Yeah, over the past few years my learning curve has been huge and sometimes people say, ‘Don’t you just want to be a normal 21-year-old and go party and have fun?’ No, I mean why do you think great artists of our time have always said youth is wasted on the young? I don’t want to be an old a person in regret and think I should have done this but I was off being lazy. There are enough mistakes we make as human beings anyway, so let the mistakes be real mistakes not chosen mistakes.

You know what? I think this is great advice. The rest of the interview isn’t bad either. (via Jezebel.)

I Like __ A Lot / 105 Comments
November 26th, 2009 / 2:08 am

Q & A #1

Help Button

Question 1:
I interned for a literary agency for a while. Do you think that agents are necessary for all kinds of writing, or that in some cases you can go straight to the publisher? (With fiction, I think it’s pretty well established that you need an agent no matter what.)


Behind the Scenes / 42 Comments
November 25th, 2009 / 6:54 pm

This is kind of amazing: some kid is suing World of Warcraft, partially, he claims, because it has contributed to his sense of alienation, and he has subpoenaed one of the dudes from Depeche Mode, “since he himself has been known to be sad, lonely, and alienated, as can be seen in the songs he writes.” He’s also called on Wynona Ryder because of her sometime talking about how she loved The Catcher in the Rye, and “how alienation in the book can tie to alienation in real live [sic] / video games such as World of Warcraft.” Makes sense to me…

On Violence

1635_gardiner.jpgDostoyevski, Orwell, Žižek n’ crew have written far more compelling meditations on violence, but I figure I’d have a go at it (being an asian-canadian near-sighted pacifist and all), and this all in time for Thanksgiving.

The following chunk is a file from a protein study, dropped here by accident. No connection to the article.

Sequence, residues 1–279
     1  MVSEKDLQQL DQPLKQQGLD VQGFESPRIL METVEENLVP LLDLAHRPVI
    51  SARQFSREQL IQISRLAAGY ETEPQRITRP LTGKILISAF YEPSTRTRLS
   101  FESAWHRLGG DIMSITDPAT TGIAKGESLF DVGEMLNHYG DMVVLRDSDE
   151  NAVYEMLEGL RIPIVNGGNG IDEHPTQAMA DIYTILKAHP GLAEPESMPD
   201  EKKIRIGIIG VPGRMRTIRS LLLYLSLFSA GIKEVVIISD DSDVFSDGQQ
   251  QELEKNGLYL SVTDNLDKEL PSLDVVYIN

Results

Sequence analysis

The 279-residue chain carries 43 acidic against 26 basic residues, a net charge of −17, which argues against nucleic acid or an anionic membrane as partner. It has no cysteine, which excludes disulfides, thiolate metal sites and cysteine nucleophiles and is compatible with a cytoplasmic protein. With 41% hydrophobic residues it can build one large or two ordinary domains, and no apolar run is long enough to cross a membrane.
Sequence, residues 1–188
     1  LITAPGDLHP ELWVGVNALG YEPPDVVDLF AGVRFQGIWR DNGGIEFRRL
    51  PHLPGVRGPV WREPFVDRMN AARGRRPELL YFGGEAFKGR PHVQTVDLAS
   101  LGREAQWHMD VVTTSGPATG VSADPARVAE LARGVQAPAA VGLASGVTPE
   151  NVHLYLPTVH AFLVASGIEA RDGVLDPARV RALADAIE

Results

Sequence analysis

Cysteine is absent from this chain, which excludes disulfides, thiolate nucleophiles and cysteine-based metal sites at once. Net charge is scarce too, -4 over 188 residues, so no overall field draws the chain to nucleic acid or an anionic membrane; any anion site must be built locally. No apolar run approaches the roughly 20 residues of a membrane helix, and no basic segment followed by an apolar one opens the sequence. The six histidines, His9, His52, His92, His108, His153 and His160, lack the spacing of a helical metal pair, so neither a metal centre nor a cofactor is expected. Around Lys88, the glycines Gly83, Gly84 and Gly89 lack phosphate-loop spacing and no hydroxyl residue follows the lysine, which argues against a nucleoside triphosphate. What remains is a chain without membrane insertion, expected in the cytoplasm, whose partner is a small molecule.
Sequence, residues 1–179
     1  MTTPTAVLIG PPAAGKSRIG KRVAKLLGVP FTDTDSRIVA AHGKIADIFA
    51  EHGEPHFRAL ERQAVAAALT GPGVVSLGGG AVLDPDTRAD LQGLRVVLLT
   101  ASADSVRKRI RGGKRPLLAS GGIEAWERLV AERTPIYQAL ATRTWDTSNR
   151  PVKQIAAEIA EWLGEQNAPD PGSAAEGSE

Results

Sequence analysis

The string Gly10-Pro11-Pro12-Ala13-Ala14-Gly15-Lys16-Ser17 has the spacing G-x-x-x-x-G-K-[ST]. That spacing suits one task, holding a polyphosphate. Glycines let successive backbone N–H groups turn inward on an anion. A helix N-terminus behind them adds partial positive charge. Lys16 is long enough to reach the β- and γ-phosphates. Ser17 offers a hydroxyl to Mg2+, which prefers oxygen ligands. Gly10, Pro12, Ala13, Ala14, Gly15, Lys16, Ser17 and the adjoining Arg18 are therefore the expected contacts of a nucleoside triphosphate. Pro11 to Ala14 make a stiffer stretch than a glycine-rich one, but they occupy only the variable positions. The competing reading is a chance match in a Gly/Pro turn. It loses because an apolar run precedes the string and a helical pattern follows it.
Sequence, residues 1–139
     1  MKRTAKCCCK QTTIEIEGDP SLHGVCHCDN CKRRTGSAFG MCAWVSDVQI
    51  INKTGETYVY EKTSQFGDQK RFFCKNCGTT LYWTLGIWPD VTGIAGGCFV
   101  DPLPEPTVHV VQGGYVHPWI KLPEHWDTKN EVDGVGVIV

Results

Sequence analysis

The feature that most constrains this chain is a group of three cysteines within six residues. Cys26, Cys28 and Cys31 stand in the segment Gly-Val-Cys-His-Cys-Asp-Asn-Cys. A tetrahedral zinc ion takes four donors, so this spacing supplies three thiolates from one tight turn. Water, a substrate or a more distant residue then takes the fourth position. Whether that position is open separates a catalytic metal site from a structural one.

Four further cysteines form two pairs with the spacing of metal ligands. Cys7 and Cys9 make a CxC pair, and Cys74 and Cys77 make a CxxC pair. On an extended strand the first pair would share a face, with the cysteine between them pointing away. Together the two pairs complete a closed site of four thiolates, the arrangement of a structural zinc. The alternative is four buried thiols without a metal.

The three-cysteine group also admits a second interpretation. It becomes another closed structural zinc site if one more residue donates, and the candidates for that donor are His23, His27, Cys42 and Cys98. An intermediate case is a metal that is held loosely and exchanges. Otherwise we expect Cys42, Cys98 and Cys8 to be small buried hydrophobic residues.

To draw parallel’s between our Father’s pilgrimage and their genocide of Native Americans would be didactic and predictable. Any person, as I do, who enjoys the opulent grounds of American soil best not critique the ways in which such grounds were brought forth. War equals land, and we have landed. If the Native Americans had their way, we’d all be in England right now; I hear the gin is okay, but that Queen is a bitch. So, we won’t talk about war.


Web Hype / 8 Comments
November 25th, 2009 / 4:20 pm

Writing/Editing Prompt: Kidnapping

le_kidnappedStep one: search through your files for two stories that don’t work. Find one that has a character you really like, but is otherwise uninteresting. Find another that works on a lot of levels, but is nonetheless dull.

Step two: take the interesting character and place her/him in the other story in some awkward way. Force her/him into a confrontation with the characters in the well crafted but otherwise dull story. Let the character be aware that she/he is in some way out of place, but not necessarily in a meta “I’m a character in a story, but I think this is the wrong story” sort of way. Unless that is what you want to do.

Step three: watch as the character attempts to escape. Watch as the dull story attempts to hold the character in the story because the story prefers this new, interesting element to its original, dull cast.

Craft Notes / 16 Comments
November 25th, 2009 / 1:20 pm